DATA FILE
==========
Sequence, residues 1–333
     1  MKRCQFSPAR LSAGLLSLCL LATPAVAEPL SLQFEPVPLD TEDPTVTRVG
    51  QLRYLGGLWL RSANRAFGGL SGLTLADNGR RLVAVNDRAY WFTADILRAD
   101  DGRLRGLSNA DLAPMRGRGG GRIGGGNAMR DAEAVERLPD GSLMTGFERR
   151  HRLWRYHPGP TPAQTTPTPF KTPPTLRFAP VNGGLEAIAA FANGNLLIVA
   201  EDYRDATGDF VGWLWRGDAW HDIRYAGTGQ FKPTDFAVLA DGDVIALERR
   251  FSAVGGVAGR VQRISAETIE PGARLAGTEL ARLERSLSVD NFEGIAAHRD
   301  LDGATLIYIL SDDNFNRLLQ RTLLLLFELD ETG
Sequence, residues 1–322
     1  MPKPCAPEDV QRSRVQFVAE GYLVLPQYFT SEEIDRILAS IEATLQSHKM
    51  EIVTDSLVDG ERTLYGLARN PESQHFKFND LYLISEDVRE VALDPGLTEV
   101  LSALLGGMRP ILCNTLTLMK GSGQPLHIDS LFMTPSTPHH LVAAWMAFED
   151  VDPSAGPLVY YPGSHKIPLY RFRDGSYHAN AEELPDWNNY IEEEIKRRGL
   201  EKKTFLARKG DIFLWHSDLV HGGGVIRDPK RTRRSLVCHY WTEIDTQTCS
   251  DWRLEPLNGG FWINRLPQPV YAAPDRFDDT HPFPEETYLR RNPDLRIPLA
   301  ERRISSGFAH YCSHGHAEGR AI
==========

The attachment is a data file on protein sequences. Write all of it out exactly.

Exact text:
Sequence, residues 1–333
     1  MKRCQFSPAR LSAGLLSLCL LATPAVAEPL SLQFEPVPLD TEDPTVTRVG
    51  QLRYLGGLWL RSANRAFGGL SGLTLADNGR RLVAVNDRAY WFTADILRAD
   101  DGRLRGLSNA DLAPMRGRGG GRIGGGNAMR DAEAVERLPD GSLMTGFERR
   151  HRLWRYHPGP TPAQTTPTPF KTPPTLRFAP VNGGLEAIAA FANGNLLIVA
   201  EDYRDATGDF VGWLWRGDAW HDIRYAGTGQ FKPTDFAVLA DGDVIALERR
   251  FSAVGGVAGR VQRISAETIE PGARLAGTEL ARLERSLSVD NFEGIAAHRD
   301  LDGATLIYIL SDDNFNRLLQ RTLLLLFELD ETG
Sequence, residues 1–322
     1  MPKPCAPEDV QRSRVQFVAE GYLVLPQYFT SEEIDRILAS IEATLQSHKM
    51  EIVTDSLVDG ERTLYGLARN PESQHFKFND LYLISEDVRE VALDPGLTEV
   101  LSALLGGMRP ILCNTLTLMK GSGQPLHIDS LFMTPSTPHH LVAAWMAFED
   151  VDPSAGPLVY YPGSHKIPLY RFRDGSYHAN AEELPDWNNY IEEEIKRRGL
   201  EKKTFLARKG DIFLWHSDLV HGGGVIRDPK RTRRSLVCHY WTEIDTQTCS
   251  DWRLEPLNGG FWINRLPQPV YAAPDRFDDT HPFPEETYLR RNPDLRIPLA
   301  ERRISSGFAH YCSHGHAEGR AI